Mvuma: A community empowered

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1992

A RISE in demand for chicken meat, coupled with low poultry running costs has made poultry farming more popular in Zimbabwe.
Anyone who thinks of an income generating farming project, poultry comes to mind.
It is a success story for many, but for others it is not an easy road to success.
A tour of the Central Estate Farm in Mvuma was an eye-opener, which brought to the fore both scenarios.
The farm is home to two small-scale poultry farmers, each with a different story to tell.
The first stop was a success story of a rural community project that has generated substantial income and contributed to the development of the Mvuma community.
In a hand-built barn, Nherudzo Mafundikwa the farm manager of plot 51 Central Estate Farm tends to his flock of 1 000 chickens.
The farmer fills watering and feed stations, ensuring that his chickens grow healthy and plump.
Mafundikwa obtains broiler day-old chicks from Hygro, a chicken producer in Bulawayo and raises them for 42 days, where after he takes them to supermarkets in the Midlands province.
He only started with 100 chickens two years ago, but he is now supplier of over 2 tonnes of chicken meat and 10 boxes of eggs a month.
Business has been so good that he is adding another poultry house, which will allow him to increase the number of birds by another thousand to make them 2 000.
He is optimistic that two years down the line, he will be producing over 10 000 chickens a month.
“With crops, one is always depending on the rain,” Mafundikwa said.
“With chickens, one has more control over the outcome.
“You can invest in the barn and earn more money from chickens.”
Thousands of similar stories have been playing out across the country in recent years.
However, a few hundred metres away, poultry farming for another farmer is not as rosy as he anticipated.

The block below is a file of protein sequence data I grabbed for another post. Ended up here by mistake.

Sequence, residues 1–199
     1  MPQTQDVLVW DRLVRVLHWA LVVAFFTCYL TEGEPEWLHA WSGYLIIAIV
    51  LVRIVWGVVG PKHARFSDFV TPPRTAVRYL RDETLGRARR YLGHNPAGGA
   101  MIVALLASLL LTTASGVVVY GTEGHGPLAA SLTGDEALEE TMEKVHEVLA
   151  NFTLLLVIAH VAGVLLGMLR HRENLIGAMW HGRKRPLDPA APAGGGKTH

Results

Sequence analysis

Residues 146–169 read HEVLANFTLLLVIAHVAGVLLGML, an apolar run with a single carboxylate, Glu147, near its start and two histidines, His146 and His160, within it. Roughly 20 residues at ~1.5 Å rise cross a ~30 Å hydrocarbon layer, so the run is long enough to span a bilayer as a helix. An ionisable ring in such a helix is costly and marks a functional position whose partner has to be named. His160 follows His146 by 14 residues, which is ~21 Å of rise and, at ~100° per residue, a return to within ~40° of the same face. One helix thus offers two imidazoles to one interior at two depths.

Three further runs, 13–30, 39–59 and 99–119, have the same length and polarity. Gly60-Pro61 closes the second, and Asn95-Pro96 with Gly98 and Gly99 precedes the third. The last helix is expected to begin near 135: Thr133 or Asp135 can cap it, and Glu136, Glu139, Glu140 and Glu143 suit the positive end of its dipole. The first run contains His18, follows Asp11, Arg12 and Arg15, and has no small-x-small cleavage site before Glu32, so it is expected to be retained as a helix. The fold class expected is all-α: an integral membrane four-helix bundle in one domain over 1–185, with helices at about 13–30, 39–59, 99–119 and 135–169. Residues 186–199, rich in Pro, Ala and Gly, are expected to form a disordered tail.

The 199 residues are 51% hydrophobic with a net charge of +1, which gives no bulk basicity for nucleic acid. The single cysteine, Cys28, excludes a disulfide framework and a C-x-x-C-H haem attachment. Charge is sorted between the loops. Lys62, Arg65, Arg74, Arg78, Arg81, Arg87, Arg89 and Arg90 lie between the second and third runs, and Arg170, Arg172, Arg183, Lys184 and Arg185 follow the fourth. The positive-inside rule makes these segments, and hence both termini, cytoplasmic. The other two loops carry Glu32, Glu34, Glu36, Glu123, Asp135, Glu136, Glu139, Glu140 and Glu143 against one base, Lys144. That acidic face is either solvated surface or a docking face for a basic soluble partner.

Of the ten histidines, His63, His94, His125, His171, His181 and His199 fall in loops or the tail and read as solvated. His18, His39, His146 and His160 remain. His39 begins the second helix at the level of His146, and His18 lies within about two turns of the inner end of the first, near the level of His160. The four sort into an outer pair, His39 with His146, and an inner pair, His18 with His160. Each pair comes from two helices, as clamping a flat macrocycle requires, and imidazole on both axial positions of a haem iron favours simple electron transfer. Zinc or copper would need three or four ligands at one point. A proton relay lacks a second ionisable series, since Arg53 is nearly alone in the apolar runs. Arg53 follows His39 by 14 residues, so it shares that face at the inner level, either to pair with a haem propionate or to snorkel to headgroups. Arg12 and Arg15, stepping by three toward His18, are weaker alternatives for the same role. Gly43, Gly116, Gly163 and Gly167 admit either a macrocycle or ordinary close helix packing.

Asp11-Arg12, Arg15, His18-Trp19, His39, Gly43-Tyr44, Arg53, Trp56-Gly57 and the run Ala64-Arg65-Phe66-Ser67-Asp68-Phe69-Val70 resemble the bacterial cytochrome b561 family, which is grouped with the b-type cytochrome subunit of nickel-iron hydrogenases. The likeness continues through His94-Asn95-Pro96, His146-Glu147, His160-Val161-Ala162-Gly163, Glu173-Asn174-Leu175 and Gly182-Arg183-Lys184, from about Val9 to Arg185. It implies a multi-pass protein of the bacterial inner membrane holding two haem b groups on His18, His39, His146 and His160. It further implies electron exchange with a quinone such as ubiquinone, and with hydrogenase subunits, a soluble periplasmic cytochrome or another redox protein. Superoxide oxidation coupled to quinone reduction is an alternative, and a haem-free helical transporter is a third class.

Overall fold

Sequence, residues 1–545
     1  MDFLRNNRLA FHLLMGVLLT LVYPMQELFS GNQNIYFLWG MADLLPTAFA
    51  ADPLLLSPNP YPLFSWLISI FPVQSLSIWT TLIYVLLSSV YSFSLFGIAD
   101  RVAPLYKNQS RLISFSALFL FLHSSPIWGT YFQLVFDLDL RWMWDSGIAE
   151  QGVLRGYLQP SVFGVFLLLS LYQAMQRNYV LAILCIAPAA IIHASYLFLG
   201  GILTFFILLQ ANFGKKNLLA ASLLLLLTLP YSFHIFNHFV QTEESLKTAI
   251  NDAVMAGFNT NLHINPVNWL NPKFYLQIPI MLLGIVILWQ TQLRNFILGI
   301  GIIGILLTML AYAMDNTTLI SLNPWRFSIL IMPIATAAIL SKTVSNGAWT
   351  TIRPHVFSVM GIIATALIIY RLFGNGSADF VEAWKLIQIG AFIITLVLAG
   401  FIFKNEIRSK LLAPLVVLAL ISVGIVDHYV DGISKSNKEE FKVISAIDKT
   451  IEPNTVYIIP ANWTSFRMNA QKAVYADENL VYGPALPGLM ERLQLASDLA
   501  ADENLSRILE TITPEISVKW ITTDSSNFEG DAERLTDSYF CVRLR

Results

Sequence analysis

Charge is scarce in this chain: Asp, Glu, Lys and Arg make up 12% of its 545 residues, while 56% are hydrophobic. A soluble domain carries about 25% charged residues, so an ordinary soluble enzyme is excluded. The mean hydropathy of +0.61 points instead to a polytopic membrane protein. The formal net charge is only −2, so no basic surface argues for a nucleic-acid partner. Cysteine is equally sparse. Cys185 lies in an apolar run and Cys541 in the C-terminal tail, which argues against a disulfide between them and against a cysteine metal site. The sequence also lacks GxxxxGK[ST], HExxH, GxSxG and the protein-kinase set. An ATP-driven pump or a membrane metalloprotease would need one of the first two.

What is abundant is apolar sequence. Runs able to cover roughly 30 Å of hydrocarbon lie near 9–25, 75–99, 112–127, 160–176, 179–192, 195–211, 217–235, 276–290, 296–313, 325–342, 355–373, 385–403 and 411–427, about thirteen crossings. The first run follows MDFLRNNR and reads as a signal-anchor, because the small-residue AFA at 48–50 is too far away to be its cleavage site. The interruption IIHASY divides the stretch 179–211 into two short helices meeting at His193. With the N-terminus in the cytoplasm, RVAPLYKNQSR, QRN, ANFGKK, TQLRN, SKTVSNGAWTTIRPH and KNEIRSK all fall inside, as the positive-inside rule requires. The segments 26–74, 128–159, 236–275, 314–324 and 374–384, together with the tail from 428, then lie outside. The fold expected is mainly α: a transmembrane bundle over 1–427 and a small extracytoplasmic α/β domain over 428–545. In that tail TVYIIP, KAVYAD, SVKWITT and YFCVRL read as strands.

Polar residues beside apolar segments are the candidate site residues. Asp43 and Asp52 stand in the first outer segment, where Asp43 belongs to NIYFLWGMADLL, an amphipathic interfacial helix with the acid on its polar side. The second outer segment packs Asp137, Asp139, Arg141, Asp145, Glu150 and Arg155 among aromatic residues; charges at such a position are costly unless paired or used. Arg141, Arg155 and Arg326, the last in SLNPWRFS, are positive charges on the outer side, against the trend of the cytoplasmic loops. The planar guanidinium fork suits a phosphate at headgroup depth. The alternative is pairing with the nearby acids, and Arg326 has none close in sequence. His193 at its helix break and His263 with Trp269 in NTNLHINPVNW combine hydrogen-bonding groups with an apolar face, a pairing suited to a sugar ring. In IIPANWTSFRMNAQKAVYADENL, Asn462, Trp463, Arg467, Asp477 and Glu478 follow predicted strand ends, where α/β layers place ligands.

Flavian Rumhuma used to produce over 2 500 broiler chickens every month, but has since gone down to 200 chickens.
Rumhima started poultry farming in 2011, with 2012 as the peak year of production.
He used to supply Spar Supermarket in Gweru, Nice Time Investments in Gweru and Mvuma, Protek Butchery in Mkoba and many other small butcheries in the Midlands province.
He blames it all on lack of markets
“Lack of markets, high production costs necessitated by imported inputs such as soya, maize and additives and competition from imported frozen poultry from Brazil and Argentina are pushing small-scale producers out of business,” said Rumhuma.
He said while increased production might result in adequacy in poultry products locally, there is also a risk of saturating the market, which has resulted in farmers getting little or no returns from their investments. 

“There is always a risk of oversupply so there is need to tap into other markets in the region.”
Rumhuma wants to try piggery farming and has already started building pigsty.
According to statistics obtained from the Zimbabwe Poultry Association, small to medium scale producers now account for two-thirds of the broiler producers and nearly half of the egg producers.
Direct contributions from poultry and pig production to the GDP in 2012 were US$357 million and US$39 million respectively.
Poultry has potential to create more jobs and economic opportunities, however, it is not the only income generating project in Mvuma.
The town has other projects such as brick moulding, sewing and manufacturing of sanitary chemicals.
Women in the heart of Mvuma’s Makusha Township are defying odds to stamp their authority on the previously male-dominated mining town.
Mbizi Women’s Club kicked off their sanitary chemical project with only US$150 they received from Zibagwe-Chirumanzu House of Assembly Member Cde Emmerson Mnangagwa.
Today the 20-member club boasts of having over US$3 000 in their bank account and having penetrated the Midlands market supplying toilet cleaners and dishwashing liquid.
In Mvuma alone, they supply about 200 litres of toilet cleaning liquid a day.
“This project has helped to generate wealth,” said Florence Nhengure.
“Most of us are now able to buy food for our children, clothes and send them to school without begging men to do it for us.”
Youths on the other hand did not fold hands and give in to the challenge of women.
They started a brick moulding project.
Chirumanzu Youth in Business produces about 10 000 standard bricks a month using a 30-brick moulding machine.
The youths said brick moulding is ‘good business’ considering the massive construction taking place in Mvuma.
It is competition after competition in Mvuma, healthy competition of course.
No one wants to been seen left out.
The community members are optimistic that with such income generating projects the town is destined for greater heights.
One thing for certain is that the Mvuma community is a clear example of a people who have embraced the economic empowerment drive.
They are not merely looking for jobs, but through their projects are also creating employment.

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